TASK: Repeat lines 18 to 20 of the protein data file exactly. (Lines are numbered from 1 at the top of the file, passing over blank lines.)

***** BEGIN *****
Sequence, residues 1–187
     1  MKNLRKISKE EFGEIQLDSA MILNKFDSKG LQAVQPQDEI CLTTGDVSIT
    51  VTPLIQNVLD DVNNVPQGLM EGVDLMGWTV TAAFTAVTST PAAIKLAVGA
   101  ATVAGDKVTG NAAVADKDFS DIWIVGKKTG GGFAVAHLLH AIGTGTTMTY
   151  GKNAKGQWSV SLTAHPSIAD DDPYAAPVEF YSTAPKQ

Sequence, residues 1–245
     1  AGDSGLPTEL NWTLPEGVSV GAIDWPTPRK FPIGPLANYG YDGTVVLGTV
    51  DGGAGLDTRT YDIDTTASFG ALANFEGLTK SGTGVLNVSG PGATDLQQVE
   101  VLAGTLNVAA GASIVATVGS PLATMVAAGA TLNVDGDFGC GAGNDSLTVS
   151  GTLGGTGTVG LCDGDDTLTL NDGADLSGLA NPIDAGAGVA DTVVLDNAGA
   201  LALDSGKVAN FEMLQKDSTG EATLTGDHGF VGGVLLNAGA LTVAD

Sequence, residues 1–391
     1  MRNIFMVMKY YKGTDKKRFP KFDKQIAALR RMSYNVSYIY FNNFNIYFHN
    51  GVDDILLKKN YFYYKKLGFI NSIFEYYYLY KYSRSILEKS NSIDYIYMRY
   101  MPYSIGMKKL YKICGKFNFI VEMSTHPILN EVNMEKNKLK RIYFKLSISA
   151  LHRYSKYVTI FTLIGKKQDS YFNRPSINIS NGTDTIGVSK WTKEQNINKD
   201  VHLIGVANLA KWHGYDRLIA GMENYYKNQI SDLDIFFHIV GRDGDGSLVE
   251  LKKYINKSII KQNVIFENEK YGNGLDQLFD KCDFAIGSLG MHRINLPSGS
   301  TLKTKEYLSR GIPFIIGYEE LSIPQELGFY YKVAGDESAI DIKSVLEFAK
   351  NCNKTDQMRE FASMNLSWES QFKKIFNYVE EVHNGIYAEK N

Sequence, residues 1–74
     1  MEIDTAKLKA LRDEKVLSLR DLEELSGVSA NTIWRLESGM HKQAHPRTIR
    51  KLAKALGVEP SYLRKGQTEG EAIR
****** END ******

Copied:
   251  LKKYINKSII KQNVIFENEK YGNGLDQLFD KCDFAIGSLG MHRINLPSGS
   301  TLKTKEYLSR GIPFIIGYEE LSIPQELGFY YKVAGDESAI DIKSVLEFAK
   351  NCNKTDQMRE FASMNLSWES QFKKIFNYVE EVHNGIYAEK N